12:03 pm on June 4, 2015 (gmt 0)

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Personally after being Panda affected since 1.0 and some nice improvement in May 2014 I'd almost rather they leave it alone. I've done far too much to satisfy this thing. However, one thing I never looked at was copied content that I spent four weeks working on earlier this year.

Six months? More like eight. Wasn't the last October 2014?

Holding my breath again.
1:25 pm on June 4, 2015 (gmt 0)

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Good days for copywriters. Although I suspect any content changes now will probably not make the actual data refresh which has probably already happened or will do very soon.


I am surprised that there are people who still believe that Panda has got something to do with copywriting!

[edited by: indyank at 2:33 pm (utc) on Jun 4, 2015]

2:11 pm on June 4, 2015 (gmt 0)

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I'm sure it will be another punitive iteration to sites that have tried nothing other than to provide good, compelling content and a great user experience.
2:39 pm on June 4, 2015 (gmt 0)

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It could go either way. I get the feel they might be trying to fix some of the mess created by the Cutts web spam team. I have seen a few things fixed in WMT that obviously they had wrong. I think the Mobile algo was a bust. They still have the structured data not working properly. Very obvious with the structured data they are throttling results or the mechanism is in need of updating.

I suspect there is pressure from the EU and maybe FTC so they have to make it look like progress. It's so simple, you can see in WMT who is trying to be legit and maintain decent sites. Use the data and then hit these sites producing the referrer spam and all the other garbage.
2:55 pm on June 4, 2015 (gmt 0)

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It could be good or bad depending on whether everything goes smoothly on Google's end.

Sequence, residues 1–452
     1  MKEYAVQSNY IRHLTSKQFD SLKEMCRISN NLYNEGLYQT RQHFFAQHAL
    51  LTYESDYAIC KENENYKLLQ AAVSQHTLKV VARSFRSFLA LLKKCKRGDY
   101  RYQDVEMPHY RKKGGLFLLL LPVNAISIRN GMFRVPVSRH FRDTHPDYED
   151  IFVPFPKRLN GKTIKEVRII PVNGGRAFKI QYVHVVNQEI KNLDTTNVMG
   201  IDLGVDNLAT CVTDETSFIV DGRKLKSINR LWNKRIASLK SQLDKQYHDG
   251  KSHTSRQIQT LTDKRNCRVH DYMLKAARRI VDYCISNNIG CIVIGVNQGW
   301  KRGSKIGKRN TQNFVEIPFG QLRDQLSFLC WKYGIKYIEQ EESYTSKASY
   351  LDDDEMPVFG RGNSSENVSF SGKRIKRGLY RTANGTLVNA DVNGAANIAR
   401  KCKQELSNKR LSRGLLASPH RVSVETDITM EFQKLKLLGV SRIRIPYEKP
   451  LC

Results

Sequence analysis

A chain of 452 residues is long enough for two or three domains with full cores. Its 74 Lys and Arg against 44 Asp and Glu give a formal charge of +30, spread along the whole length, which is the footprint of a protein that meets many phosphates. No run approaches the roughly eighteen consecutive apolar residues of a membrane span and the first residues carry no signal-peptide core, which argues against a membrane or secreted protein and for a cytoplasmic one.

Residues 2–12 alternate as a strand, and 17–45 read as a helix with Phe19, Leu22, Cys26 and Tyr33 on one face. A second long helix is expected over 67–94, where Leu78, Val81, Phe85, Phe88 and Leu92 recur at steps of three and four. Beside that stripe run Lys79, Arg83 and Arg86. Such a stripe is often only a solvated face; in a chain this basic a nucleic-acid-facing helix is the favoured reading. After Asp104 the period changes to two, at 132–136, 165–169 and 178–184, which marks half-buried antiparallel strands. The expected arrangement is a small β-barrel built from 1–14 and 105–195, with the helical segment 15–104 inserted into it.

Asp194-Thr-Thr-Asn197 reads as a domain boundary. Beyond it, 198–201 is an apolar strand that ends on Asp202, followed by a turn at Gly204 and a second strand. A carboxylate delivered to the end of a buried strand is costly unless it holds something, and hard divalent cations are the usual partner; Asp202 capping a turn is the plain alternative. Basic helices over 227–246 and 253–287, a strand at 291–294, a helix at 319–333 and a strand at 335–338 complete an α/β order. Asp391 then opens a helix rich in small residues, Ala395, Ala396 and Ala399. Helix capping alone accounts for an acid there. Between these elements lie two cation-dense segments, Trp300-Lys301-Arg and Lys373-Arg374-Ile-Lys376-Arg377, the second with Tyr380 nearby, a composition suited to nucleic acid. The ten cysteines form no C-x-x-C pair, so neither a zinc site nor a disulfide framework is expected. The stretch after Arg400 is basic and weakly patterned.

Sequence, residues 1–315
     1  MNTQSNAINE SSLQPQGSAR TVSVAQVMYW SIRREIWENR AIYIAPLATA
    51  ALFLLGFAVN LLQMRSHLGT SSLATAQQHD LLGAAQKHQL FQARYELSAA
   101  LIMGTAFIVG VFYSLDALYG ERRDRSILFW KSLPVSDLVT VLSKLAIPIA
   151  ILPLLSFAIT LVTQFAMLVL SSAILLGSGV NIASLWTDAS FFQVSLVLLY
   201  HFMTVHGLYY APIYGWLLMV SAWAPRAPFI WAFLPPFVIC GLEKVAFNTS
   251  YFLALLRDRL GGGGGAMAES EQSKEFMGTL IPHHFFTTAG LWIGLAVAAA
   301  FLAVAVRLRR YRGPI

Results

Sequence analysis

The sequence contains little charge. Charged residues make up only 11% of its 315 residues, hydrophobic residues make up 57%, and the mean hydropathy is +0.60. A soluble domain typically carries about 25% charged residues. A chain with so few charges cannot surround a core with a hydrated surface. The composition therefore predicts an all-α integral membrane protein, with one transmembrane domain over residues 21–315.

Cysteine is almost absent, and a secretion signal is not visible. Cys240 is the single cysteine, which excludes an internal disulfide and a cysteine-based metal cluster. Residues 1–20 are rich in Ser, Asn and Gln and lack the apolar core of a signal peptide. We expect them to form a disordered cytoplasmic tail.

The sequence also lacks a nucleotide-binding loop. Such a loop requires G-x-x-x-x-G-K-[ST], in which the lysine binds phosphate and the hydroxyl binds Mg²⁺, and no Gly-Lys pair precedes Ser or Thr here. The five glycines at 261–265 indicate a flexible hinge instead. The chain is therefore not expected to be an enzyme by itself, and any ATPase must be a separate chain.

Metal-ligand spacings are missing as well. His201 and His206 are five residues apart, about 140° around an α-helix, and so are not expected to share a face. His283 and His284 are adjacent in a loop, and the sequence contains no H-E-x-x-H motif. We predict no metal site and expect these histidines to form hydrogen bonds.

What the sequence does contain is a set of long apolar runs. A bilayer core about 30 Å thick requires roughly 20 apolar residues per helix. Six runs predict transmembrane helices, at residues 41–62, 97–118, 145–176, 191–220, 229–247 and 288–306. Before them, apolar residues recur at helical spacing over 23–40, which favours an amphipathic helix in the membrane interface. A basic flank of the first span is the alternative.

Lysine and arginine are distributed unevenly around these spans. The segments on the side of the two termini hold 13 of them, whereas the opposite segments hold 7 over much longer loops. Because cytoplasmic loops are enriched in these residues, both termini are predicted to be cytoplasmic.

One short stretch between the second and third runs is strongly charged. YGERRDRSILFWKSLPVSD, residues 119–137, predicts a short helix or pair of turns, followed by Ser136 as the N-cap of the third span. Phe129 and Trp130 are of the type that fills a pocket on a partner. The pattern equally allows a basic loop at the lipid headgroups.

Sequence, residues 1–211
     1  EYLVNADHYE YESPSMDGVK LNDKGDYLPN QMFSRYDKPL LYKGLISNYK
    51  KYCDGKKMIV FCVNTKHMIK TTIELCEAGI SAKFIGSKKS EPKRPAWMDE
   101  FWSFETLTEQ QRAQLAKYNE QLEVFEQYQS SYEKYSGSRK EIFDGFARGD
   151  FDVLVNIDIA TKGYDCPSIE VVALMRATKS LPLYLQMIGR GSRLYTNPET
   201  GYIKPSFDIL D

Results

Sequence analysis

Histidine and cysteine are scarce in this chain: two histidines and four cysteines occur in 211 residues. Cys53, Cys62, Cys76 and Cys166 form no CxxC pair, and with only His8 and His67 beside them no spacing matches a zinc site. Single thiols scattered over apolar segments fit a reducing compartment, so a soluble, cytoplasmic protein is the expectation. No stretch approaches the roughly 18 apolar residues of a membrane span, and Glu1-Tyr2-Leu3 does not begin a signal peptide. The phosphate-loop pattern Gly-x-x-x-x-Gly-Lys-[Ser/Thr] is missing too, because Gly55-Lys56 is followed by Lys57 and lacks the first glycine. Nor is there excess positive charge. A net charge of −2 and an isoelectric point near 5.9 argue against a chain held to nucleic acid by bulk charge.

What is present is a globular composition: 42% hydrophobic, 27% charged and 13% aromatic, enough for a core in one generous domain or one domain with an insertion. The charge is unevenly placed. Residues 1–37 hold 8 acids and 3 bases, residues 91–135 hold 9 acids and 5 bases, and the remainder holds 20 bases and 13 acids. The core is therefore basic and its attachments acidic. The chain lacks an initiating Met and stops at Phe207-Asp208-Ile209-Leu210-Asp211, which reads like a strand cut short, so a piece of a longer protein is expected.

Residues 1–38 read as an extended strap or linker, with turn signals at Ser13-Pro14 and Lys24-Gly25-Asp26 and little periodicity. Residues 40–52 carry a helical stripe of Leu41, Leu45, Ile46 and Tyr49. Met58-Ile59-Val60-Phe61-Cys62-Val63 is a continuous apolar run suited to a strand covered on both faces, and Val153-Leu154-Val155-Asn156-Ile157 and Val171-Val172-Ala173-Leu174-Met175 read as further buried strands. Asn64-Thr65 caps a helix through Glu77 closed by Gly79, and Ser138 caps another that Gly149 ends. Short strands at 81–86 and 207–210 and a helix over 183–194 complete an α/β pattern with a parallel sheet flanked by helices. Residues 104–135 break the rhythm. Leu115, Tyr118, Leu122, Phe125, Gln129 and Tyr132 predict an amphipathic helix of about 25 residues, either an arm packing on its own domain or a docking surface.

2:55 pm on June 4, 2015 (gmt 0)

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Well I'm hoping for a flood of happy webmasters on the next rollout! I have a couple sites that I've stripped and will be watching intently. A bit of hope would be appreciated. I counting on the Google for this update.
4:02 pm on June 4, 2015 (gmt 0)

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Ditto Savage

I'd love to be inspired by Google again. Not that I lost it. A boost of confidence always helps.
9:19 pm on June 4, 2015 (gmt 0)

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I'm just not buying the official reasoning behind the slow, manual nature of Panda refreshes, sorry. It's a piece of script designed to sort data based on x factors and "weed out" sites that don't meet the criteria, that's it. Manually, daily, monthly, yearly... makes no difference, it will do the same thing.

What I suspect is really happening is that they need Panda NOT to create weeks and months of manual cleanup afterwards. Human raters go into overdrive on a keyword by keyword basis to make sure no spam rises to the top after an update. They only pay attention to page one results and start with the most searched for keywords and work their way down. I suspect that Panda has the potential to make quite a mess of things for the human raters and that's why they can't apply Panda more frequently. I'm sure you've noticed that content doesn't get indexed(well) as quickly as it once did, top 3 seems to need manual approval.

Google prides themselves on algorithms and isn't about to tell us they lean on humans quite a bit, but they have no choice. With every major update webmasters spot things that make no sense and Google quickly cleans it up, Panda is probably the biggest mess maker for them.

At any rate, this is good news anyway. I'm really hoping a couple of my competitors eat dirt for their thin image rich content approach that gets mass social appeal but is barely worthy of a serp spot.
11:13 am on June 5, 2015 (gmt 0)

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If we can keep the chit chat to minimum I have something serious to say about those sites waiting for recovery including mine.

Due to the nature of Panda effected sites they are rarely spidered and re-indexed. This means when the data is refreshed Google only refreshes on what data it holds.

You can use the cache: directly in Google to see if your changes have made the index.

If not then like me it’s a painful process of “fetch as google” in webmaster tools with a limit of 500 URL’s.

(please note I am not an SEO professional just some one with a keen interest in SEO with quality original content).
12:26 pm on June 5, 2015 (gmt 0)

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Rarely spidered and re-indexed?